Travel prices are bouncing back. They have a long way to go.
The average roundtrip domestic airfare dropped 15% last year, to $302, according to the Bureau of Transportation Statistics. Hotel rates plummeted 21%, to $103, lodging data from STR found.
But the era of cheap travel will end soon, experts predict. The only questions are, when will it be over – and how long do you have to book a low price?
Read more “Travel prices are bouncing back, but here’s where to find the bargains”
One year ago, travel ended.
As COVID-19 consumed the planet, airlines mothballed their planes. Cruise lines docked their ships. Hotels closed their doors, some permanently. And under strict stay-at-home orders, millions of travelers canceled their vacations.
But on the pandemic anniversary, people are wondering: What did the virus do to travel? What will it still do?
Read more “Pandemic anniversary: Travel ended a year ago, but it’s back — sort of”
As the pandemic approaches its one-year anniversary, it’s time to check the score, fellow travelers. Which travel companies treated you right during the pandemic? Which ones didn’t?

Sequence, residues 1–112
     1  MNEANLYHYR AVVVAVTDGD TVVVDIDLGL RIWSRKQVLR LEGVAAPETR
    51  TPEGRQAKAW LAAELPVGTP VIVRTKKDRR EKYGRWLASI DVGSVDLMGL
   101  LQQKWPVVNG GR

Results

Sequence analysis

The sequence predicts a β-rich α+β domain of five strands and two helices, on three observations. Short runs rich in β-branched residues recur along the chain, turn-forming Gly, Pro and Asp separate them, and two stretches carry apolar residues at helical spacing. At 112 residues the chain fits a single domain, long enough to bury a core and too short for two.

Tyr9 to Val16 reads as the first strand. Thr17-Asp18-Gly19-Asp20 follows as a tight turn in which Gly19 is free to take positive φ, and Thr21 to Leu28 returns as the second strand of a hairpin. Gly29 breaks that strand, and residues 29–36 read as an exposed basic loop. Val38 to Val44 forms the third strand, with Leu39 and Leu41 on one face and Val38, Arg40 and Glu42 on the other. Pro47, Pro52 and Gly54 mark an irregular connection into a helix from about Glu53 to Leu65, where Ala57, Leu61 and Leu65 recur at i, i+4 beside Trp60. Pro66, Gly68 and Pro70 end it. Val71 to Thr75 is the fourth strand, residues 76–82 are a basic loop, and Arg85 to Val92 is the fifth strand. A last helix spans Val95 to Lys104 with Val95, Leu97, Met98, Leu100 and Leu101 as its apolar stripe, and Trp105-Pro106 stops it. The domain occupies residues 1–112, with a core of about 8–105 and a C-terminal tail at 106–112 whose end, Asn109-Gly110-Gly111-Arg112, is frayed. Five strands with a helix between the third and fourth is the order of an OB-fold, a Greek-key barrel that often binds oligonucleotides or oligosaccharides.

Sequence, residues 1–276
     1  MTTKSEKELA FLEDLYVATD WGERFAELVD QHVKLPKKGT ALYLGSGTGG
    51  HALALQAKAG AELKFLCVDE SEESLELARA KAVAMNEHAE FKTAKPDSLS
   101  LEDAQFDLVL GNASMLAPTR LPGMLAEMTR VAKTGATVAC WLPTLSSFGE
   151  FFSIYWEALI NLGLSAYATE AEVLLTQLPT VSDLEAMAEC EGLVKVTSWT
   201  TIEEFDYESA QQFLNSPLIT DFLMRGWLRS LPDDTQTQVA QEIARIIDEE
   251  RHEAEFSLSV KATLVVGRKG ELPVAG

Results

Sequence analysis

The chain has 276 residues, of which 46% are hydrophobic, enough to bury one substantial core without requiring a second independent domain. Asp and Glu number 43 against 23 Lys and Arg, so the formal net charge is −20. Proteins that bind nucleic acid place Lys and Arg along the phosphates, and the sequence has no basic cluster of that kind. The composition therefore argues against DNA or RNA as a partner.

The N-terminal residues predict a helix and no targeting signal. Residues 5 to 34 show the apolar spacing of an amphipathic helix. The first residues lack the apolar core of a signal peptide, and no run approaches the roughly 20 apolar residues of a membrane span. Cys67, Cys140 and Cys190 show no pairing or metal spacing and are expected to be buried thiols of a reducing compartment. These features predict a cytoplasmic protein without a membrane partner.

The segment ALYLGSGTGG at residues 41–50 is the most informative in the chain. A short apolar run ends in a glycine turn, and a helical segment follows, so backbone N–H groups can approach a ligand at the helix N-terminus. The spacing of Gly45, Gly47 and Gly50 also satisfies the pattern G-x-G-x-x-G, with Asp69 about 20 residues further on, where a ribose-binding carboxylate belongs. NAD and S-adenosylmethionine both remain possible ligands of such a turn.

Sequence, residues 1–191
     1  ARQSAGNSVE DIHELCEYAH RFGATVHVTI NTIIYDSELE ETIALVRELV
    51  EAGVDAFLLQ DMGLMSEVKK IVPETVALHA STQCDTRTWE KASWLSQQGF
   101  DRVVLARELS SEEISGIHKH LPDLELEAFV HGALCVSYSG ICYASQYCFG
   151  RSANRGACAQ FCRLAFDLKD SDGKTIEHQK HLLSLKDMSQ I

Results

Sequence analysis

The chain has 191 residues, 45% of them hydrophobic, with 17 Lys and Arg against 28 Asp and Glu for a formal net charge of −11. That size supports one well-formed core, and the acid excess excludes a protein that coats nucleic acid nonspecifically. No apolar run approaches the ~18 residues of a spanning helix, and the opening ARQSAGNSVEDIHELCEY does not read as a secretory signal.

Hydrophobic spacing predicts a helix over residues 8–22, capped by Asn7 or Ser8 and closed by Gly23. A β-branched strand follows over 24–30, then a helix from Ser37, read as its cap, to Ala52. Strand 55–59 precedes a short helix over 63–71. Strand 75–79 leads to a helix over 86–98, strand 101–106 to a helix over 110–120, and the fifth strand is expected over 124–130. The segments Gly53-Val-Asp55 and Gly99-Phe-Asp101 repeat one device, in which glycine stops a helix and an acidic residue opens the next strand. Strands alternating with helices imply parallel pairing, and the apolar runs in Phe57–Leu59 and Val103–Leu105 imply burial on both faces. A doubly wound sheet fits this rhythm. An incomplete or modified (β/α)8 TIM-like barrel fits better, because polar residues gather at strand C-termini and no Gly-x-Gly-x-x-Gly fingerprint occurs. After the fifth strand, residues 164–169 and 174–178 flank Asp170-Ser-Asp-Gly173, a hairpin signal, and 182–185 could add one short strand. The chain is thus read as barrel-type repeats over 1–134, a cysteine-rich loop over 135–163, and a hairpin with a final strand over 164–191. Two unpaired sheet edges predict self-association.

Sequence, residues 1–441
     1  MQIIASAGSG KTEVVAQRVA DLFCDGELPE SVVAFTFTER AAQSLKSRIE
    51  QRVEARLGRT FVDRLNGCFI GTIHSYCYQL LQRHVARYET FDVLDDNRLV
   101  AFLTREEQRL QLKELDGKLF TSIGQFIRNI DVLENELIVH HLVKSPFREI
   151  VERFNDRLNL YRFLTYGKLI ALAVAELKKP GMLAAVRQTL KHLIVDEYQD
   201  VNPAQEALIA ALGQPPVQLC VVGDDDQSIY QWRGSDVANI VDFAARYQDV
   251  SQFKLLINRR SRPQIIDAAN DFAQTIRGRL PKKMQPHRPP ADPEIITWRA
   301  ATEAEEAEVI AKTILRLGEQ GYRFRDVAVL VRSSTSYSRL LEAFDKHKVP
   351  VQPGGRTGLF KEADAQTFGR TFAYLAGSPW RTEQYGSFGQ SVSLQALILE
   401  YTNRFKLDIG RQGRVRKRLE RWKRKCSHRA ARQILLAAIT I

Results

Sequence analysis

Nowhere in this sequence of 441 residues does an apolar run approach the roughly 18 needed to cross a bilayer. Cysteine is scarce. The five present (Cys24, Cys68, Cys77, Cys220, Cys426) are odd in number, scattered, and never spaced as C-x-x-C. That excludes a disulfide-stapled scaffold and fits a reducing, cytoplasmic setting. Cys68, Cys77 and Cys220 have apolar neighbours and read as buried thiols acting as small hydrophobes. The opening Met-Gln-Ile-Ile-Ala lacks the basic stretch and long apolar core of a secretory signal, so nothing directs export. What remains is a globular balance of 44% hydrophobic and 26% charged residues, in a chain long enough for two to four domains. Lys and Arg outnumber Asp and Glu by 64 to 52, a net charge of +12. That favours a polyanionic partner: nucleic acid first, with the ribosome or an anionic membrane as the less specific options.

It matters because you usually have a choice in airlines, car rental companies, and hotels. And you want to make the right decision as you start to plan your next trip.
For Daylene Guidice, Viking Cruises is a clear winner. She had a European river cruise booked last spring.
Read more “Which travel companies treated you right during the pandemic?”
The phrase “goodwill gesture” has been thrown around a lot in the travel industry during the pandemic. When airlines refund fares for canceled flights or when cruise lines offer 125 percent credits, they act as if they’re doing travelers a favor — something they don’t have to do but are doing anyway.
But what is a goodwill gesture, and how do you get one?
Read more “How to get a goodwill gesture from a travel company”
Is it safe to travel yet? People like Stephanie Wolkin want to know.
Safe for her means she can see her 97-year-old mother in New Jersey without infecting her with the deadly COVID-19 virus. Safe means she can find a way to make her annual trip to France this year, to make up for the one canceled last summer.
Read more “How do you know if it’s really safe to travel yet? It’s complicated.”